There is no doubt that the COVID-19 pandemic motivated health care providers, payers, and patients to adopt digital tools and contact-less services, allowing people to deliver and receive medical care.

Still, 18 months into the pandemic, now endemic and in its fourth wave of cases spiking around the world and in many parts of the U.S., some aspects of “digital transformation” seem not to have fully transformed American healthcare, we learn in HIMSS’s annual 2021 State of Healthcare Report. HIMSS collaborated with the organizations Trust  Accenture, The Chartix Group, and ZS on this year’s research.

Nine in ten clinicians have recommended digital health tools to patients, and 8 in 10 clinicians strongly concurred that the pandemic resulted in helpful changes including the adoption of telehealth.

Still, the lack of interoperability remains a barrier hindering clinicians from using digital health tools. Security, too, remains a block with 41% of clinicians still concerned over the security of patient data.

The study assessed payors’ perspectives in 2021, finding their top three concerned were increasing costs, quality of care, and the prospects for another pandemic. Payors’ identified the top factors driving health care costs up including an aging population, growing utilization of medical services, implementing safety measures (think: PPE and the ongoing challenge of adverse events), mental health (a growing epidemic inside the pandemic), possible future outbreaks, and (some) patients’ (unhealthy) lifestyles.

Payors also tend to think that stakeholders outside of “healthcare” per se — those so-called new entrants, like tech companies and Big Retail — will be the players who are more likely to innovate the industry compared with legacy providers and health insurance plans.

The report found a generational split when it came to some patients wishing for healthcare to get back to “pre-COVID normal” and younger consumers favoring virtual care and contact-less options for services. In this study, one-half of patients had experienced at least one telehealth visit in the past year. Over one in three patients were using some form of wearable technology to track their health, a statistic consistent with other studies we’ve reviewed in the pandemic era.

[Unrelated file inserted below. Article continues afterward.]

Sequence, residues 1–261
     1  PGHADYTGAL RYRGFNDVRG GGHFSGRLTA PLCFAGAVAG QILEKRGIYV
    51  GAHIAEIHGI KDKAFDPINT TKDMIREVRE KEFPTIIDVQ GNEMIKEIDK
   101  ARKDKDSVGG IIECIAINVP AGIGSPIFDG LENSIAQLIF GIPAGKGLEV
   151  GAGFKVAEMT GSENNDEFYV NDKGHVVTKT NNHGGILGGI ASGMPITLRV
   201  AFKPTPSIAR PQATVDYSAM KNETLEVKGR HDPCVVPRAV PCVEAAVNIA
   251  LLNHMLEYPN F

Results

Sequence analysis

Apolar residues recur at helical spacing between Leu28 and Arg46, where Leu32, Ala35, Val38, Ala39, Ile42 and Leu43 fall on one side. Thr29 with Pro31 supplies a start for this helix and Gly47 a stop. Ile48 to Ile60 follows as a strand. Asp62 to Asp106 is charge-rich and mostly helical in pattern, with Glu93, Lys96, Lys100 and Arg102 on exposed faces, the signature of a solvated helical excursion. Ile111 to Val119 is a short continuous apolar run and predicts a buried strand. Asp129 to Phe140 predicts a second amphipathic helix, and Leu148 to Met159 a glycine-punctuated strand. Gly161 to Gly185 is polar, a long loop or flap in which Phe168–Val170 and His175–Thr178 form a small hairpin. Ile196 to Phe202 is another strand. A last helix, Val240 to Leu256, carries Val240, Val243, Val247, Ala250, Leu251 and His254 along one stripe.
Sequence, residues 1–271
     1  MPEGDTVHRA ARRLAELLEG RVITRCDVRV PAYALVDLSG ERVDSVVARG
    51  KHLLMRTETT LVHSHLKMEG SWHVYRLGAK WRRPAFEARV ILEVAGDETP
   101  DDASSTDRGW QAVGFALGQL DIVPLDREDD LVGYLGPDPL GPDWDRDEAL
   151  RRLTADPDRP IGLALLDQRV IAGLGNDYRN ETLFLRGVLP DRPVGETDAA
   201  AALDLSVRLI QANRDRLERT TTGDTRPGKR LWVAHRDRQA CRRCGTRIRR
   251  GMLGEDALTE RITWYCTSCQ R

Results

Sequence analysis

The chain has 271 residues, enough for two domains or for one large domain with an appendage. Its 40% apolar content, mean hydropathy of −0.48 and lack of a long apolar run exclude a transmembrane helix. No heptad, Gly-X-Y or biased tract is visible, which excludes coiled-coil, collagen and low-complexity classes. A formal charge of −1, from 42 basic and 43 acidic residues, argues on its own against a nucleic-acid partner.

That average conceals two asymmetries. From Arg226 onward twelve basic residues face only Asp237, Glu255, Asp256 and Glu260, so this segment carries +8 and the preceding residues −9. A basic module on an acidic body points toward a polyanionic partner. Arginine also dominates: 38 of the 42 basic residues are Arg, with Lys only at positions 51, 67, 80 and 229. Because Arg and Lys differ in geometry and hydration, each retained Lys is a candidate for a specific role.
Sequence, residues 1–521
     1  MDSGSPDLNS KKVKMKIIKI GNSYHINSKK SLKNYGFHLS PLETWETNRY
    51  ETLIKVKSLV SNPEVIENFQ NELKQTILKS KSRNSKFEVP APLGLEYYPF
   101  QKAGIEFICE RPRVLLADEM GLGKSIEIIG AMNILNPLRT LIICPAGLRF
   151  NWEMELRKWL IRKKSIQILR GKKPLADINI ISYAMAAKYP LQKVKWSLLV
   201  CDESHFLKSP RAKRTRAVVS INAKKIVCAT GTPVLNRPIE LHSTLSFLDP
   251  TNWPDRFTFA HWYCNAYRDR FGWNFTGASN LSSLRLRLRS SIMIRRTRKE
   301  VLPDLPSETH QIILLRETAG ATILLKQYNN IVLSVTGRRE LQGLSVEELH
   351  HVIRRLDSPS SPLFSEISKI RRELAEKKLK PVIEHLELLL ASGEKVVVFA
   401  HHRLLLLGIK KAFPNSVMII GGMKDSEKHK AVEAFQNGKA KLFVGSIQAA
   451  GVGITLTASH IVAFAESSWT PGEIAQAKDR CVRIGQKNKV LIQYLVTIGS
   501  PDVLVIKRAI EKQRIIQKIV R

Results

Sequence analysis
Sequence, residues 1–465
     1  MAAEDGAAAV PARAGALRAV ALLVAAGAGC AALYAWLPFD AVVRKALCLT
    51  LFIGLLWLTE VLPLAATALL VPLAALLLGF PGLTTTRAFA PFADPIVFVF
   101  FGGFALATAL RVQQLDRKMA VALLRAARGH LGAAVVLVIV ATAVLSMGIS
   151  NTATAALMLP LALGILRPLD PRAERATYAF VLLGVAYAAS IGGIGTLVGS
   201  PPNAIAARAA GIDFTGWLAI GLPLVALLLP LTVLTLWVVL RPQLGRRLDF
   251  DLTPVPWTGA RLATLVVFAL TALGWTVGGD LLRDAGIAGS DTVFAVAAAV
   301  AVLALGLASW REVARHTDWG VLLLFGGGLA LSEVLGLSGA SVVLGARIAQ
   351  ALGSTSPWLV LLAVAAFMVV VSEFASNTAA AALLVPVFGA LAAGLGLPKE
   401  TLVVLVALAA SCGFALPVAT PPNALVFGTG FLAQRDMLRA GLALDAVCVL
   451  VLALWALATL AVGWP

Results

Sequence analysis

Like payors, patients are very concerned about health care costs in the U.S., with 4 in 5 believing that costs in U.S. healthcare are too expensive.

Health Populi’s Hot Points: Unaddressed in this report on the “State of Healthcare” is an elephant in this room, and that is the continued endemic nature of the COVID-19 pandemic. After 18 months living and caring for patients with the coronavirus, and those both managing chronic conditions and those delaying care, The State of Healthcare in America is highly variable depending what ZIP code you live in, what health care insurance coverage you have (or whether you have it at all), whether you have access to broadband, your race and ethnicity, and whether you are a hands-on health care service provider.

If you are the latter, and especially on the frontlines of COVID-19 in intensive, critical, and respiratory care hospital wings, when you are pretty burned out and frustrated with millions of people in the U.S. who have chosen not to get vaccinated yet, and not planning to do so. As of today, only one-half of people in the U.S. have been fully vaccinated.

Today, parts of the U.S. are COVID hotspots again: the state of Florida is there, and Nevada — where the HIMSS conference will meet in person beginning exactly two weeks from today — has a fast-growing burden of patients in hospitals due to the coronavirus.

As we plan for The State of Healthcare in 2022, we can identify a few certainties on which we can count, if soberly and pragmatically:

  • More patients will seek care on their own terms as the fourth wave of COVID-19 will find those risk-averse patients demanding services at-home or closer-to-home in their local communities (think: retail health, urgent care, care via mobile vans in rural areas, and of course, telehealth demands should rise again)
  • Patients who delayed care in 2020 will present to their providers with worse conditions — say, cancers moving from Stage 1 or 2 to Stage 3, or muscle tone atrophied due to delayed physical therapy
  • Mental health and behavioral health issues will continue to be the epidemic inside the COVID-19 pandemic, presenting as a single condition (particularly in younger people) and as a co-morbidity with other conditions (like diabetes, heart disease, gut issues, et. al.); and, caregiver stressors will continue to plague millions of health citizens
  • The cost of health care, and especially for prescription drugs, are squarely in the sights of both patients and payors. This issue will be in the eyes of bipartisan legislators looking to the 2022 mid-term elections
  • Security and privacy are on the minds of both clinicians and patients, while payors and other stakeholders looking to gather even more data on patients via wearable tech, Internet of Things devices, and third-party data brokers’ mines of retail and other data. Watch for the tech antitrust policymakers and regulators to work in parallel as AI and machine learning need more data to work well and equitably. This issue will require a lot of education among all the stakeholders involved — from patients and citizens to policymakers.

The annual 2021 HIMSS Global Conference will be meeting in Las Vegas, Nevada, the week of August 15th. I won’t be there in person, opting in to the digital program in lieu of attending face-to-face. Stay tuned for my usual observations from the Conference, this year so profoundly shaped by the pandemic, growth of cloud computing, burned-out clinicians, and impatient patients.